Let N i = {jN :(i, j) ∈ G} be node i’s set of friends and d i the number of friends. The number of pairs of friends is p i = d i (d i −1)/2. Let c i = |{(j, k) ∈ G :j, kN i }|/2 be the number of friendships between the members of N i . Now the true local clustering coefficient is

$$t_{i}= \frac{c_{i}}{p_{i}}.$$

Let \(\tilde {N} \subset N\) be the set of nodes we sampled. Let \(\tilde {G} = \{(i,j) \in G \ \colon i\in \tilde {N} \text { or } j\in \tilde {N} \} \subset G\) be the set of friendships we sampled. Now, for each \(i\in \tilde {N}\) we observed N i .

Let \(\tilde {d_{i}}= |N_{i} \cap \tilde {N} |\) be the number of i’s friends in the sample. We observed all pairs except the ones where both nodes were outside of the sample. The number of pairs we observed was then the number of all pairs less the unobserved pairs, which we denote by \(\tilde {p}_{i} = d_{i}(d_{i}-1)/2 - (d_{i}-\tilde {d}_{i})(d_{i}-\tilde {d}_{i}-1)/2= d_{i}\tilde {d}_{i} - (\tilde {d}_{i}^{2} +\tilde {d}_{i})/2.\)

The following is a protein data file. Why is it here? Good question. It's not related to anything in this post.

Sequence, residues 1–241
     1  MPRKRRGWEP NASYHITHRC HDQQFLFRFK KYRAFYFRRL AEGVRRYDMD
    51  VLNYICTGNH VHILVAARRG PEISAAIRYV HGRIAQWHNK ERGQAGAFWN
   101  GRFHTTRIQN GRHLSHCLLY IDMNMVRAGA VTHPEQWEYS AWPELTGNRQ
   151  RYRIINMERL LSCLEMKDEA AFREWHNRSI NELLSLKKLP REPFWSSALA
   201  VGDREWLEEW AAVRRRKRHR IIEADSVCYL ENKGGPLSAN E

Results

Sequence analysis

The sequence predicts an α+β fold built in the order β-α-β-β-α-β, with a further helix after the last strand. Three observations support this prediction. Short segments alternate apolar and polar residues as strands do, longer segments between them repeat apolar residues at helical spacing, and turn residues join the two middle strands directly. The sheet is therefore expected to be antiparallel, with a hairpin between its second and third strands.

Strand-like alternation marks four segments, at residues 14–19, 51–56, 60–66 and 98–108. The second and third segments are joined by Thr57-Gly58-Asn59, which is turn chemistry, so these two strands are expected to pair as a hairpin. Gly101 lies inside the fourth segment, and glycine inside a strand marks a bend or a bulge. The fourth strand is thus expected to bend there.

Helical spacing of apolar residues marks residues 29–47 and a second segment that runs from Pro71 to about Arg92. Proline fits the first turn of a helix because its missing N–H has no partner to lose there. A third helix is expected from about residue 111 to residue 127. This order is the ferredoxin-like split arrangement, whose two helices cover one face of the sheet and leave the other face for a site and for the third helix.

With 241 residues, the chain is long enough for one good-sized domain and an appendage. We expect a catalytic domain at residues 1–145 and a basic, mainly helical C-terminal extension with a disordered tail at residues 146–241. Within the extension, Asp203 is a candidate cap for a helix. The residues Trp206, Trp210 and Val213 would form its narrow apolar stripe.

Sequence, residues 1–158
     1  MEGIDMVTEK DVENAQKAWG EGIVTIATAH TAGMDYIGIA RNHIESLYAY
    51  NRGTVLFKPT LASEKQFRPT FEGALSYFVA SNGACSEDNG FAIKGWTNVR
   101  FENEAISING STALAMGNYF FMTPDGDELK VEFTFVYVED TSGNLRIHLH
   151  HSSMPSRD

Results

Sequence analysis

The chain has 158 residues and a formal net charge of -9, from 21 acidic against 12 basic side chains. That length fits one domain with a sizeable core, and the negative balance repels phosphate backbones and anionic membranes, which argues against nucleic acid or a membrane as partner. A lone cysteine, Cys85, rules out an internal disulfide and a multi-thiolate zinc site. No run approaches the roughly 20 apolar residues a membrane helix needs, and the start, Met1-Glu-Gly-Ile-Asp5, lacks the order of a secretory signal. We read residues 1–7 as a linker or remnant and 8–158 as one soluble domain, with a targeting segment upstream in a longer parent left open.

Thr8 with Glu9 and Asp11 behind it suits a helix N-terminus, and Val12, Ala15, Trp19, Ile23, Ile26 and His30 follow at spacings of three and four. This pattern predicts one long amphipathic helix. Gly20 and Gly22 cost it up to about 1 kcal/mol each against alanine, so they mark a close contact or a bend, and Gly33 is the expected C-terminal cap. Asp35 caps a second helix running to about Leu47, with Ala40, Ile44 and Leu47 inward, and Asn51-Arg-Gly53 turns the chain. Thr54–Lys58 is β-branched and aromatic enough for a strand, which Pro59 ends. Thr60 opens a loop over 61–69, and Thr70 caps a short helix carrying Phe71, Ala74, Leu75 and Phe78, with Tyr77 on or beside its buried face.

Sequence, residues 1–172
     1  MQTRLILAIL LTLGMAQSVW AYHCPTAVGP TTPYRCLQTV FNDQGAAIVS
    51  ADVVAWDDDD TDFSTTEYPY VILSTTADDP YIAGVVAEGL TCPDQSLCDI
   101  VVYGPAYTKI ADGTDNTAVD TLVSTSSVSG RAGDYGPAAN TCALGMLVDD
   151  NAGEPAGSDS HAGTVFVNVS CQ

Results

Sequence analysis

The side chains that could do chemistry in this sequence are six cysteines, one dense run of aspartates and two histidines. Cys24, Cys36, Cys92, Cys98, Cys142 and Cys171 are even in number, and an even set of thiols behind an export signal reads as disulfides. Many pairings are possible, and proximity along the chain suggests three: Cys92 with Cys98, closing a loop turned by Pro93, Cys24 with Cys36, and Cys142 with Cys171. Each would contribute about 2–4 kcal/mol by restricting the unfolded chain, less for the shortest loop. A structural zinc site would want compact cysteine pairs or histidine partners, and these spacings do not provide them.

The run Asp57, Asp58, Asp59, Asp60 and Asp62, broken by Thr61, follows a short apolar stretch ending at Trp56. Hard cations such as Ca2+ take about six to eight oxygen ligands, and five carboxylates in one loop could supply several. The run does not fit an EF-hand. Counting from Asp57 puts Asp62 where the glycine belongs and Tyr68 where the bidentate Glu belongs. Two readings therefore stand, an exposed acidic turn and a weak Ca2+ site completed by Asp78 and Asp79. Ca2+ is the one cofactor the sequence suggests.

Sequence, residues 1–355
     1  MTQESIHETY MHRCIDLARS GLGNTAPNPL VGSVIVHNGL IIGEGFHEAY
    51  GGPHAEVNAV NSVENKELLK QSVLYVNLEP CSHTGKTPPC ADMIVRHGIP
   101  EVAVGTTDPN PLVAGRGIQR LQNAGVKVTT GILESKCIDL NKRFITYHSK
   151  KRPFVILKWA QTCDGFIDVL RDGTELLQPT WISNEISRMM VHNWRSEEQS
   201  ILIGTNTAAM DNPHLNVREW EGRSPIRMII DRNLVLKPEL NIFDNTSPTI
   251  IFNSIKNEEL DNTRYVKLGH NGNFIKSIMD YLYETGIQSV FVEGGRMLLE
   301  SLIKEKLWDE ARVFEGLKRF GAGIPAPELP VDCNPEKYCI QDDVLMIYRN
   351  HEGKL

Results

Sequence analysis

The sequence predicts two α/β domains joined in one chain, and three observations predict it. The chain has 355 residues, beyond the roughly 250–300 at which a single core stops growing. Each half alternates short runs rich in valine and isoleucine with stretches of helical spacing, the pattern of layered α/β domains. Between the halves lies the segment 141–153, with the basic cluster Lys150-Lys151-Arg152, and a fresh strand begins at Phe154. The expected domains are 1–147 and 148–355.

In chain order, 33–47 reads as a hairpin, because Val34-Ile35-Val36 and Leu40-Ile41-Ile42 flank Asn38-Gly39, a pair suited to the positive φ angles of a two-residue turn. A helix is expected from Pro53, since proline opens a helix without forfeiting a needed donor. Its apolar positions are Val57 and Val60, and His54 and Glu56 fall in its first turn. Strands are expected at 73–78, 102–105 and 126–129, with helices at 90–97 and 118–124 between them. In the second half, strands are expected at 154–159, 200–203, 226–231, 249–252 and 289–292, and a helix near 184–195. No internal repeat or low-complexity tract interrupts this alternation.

Let \( \tilde {c}_{i} = | \{ (j,k)\in G\ \colon j,k\in N_{i} \text { and } (j \in \tilde {N} \text { or } k \in \tilde {N}) \} |/2\) be the number of friendships between the members of N i that we observed.

The estimated clustering coefficient is then

$$\tilde{t}_{i}= \frac{\tilde{c_{i}}}{\tilde{p_{i}}}. $$

This is what we could observe and use for our analysis.

Appendix B: Full regression tables

Here we report in full the regression tables of the main text. Tables 4 and 5 present all coefficient estimates of Tables 2 and 3, respectively.

Table 4 Regression analysis of number of friends and local clustering coefficient
Table 5 Logistic regression on the probability of friendship

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Itkonen, J.V.A. Social ties and concern for global warming. Climatic Change 132, 173–192 (2015). https://doi.org/10.1007/s10584-015-1424-0

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Keywords

  • Climate change
  • Social networks
  • Science communication